Painting in 3-D | 10 August - 4 September 2010
Bartley Company Art is pleased to present Andre Hemer's second solo exhibition with the gallery.
Hemer is an exciting young artist who in the past year has exhibited in Seoul, Berlin, Sydney, Melbourne, Auckland and Wellington. He has also created an installation for the Outer Spaces programme currently showing at the Christchurch Art Gallery.
His dynamic abstraction is attracting attention for its highly of the moment blending of digital media and meticulous hand painting. As part of the exhibition, he has also produced a fantastic complex new work of riotous colour for our billboard project space above the Gallery's courtyard - visible from Ghuznee Street and Glover Park. This work is available on commission as a painting at 1.5 x 3 metres. Andre has written of this new body of work:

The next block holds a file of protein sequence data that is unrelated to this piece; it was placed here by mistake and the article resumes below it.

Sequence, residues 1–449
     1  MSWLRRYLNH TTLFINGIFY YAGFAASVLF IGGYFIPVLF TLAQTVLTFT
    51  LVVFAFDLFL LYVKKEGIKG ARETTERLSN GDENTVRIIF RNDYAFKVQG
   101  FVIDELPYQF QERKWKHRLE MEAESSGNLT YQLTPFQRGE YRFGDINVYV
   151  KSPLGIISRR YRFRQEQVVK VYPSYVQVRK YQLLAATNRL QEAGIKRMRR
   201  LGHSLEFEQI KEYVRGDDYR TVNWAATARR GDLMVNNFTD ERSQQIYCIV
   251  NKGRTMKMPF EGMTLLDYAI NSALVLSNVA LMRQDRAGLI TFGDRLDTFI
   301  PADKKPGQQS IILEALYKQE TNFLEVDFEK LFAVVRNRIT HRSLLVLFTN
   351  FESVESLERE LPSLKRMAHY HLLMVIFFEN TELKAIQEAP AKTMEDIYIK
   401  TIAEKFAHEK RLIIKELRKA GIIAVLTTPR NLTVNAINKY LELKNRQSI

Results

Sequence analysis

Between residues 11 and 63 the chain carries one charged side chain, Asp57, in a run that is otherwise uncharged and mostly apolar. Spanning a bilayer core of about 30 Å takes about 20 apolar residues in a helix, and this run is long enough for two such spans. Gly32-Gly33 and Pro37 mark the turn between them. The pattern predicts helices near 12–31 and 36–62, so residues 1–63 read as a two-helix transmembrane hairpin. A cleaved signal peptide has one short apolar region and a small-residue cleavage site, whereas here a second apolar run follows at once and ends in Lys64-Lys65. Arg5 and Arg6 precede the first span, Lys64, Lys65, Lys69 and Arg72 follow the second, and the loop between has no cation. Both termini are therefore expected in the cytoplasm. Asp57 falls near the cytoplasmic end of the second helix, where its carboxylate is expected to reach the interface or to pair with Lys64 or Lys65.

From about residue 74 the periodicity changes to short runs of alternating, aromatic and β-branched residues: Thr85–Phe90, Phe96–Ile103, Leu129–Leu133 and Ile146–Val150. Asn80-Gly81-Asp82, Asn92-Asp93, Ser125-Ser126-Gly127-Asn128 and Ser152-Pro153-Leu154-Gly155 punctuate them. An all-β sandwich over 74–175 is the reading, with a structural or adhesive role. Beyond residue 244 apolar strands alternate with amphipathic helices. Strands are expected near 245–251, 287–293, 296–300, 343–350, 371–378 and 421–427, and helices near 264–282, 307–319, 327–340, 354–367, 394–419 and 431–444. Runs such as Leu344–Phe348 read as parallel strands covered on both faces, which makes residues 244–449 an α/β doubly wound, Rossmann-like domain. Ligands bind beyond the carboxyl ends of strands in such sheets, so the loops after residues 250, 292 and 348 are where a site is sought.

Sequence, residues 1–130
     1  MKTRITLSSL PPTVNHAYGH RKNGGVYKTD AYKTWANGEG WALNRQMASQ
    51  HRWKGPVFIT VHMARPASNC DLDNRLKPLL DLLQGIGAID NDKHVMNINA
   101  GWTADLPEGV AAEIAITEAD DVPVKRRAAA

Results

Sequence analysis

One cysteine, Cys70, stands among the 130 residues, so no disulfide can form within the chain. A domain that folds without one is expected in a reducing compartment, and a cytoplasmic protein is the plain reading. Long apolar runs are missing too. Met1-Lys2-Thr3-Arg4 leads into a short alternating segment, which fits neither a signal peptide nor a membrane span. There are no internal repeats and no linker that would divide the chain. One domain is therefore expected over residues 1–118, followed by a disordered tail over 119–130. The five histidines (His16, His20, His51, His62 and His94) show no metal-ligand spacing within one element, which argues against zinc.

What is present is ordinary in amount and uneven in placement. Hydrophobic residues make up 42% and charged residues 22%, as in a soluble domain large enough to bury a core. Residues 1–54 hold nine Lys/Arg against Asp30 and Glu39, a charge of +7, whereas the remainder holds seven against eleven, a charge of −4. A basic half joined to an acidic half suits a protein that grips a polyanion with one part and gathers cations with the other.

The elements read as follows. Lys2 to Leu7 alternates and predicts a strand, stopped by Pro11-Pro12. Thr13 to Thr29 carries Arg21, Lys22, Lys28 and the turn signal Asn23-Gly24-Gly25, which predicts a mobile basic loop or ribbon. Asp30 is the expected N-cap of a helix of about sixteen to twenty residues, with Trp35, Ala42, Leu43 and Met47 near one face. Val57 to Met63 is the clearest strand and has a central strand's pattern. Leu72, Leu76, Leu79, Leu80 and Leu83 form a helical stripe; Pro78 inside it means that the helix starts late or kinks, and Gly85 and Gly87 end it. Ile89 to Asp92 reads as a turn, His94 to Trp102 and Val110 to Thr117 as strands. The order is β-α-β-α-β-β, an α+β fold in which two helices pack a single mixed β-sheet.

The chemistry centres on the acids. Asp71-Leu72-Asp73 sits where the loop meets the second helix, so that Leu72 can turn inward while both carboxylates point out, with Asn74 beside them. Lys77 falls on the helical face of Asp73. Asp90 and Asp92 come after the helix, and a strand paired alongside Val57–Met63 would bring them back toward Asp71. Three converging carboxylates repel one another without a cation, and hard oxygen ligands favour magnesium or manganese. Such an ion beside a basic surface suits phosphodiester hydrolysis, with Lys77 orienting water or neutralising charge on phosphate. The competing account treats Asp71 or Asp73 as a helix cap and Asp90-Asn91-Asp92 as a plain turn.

In the contemporary world of the transient digital, painting is a reminder of the pertinence of the physical. Painting was, is, and will always be here in 3-D. It's real. It's material and instinctive. It makes you want to touch it, and it holds a visual memory like no other."
These paintings are a juxtaposing landscape of Photoshop gradations, blurred digital images, vector scrawls, graffiti process, painterly intervention, and rudimentary 3-D renderings akin to an early computer game.
They are about the idea of what remains when an image has been worked on, erased, scaled, photographed, and painted again. It's the idea that painting can hold all these visual artefacts and turn them into something more - creating paintings that act as evidence to an alternative aesthetic reality. Unlike a jpeg file a painting can't be deleted so easily...the physical remnants stand tall and even the mark of deletion is retained as an act.
In this sense I'm interested in the cinematic potential of painting. A painting is always a snapshot of a moment in production - it's never so much finished as it is open enough to let a conversation begin. Through a simple static image we are left with the pieces of a long and interwoven timeframe.
LA TRASH (Sucker Free City)
size: 1200 x 1200 mm
media: acrylic and pigment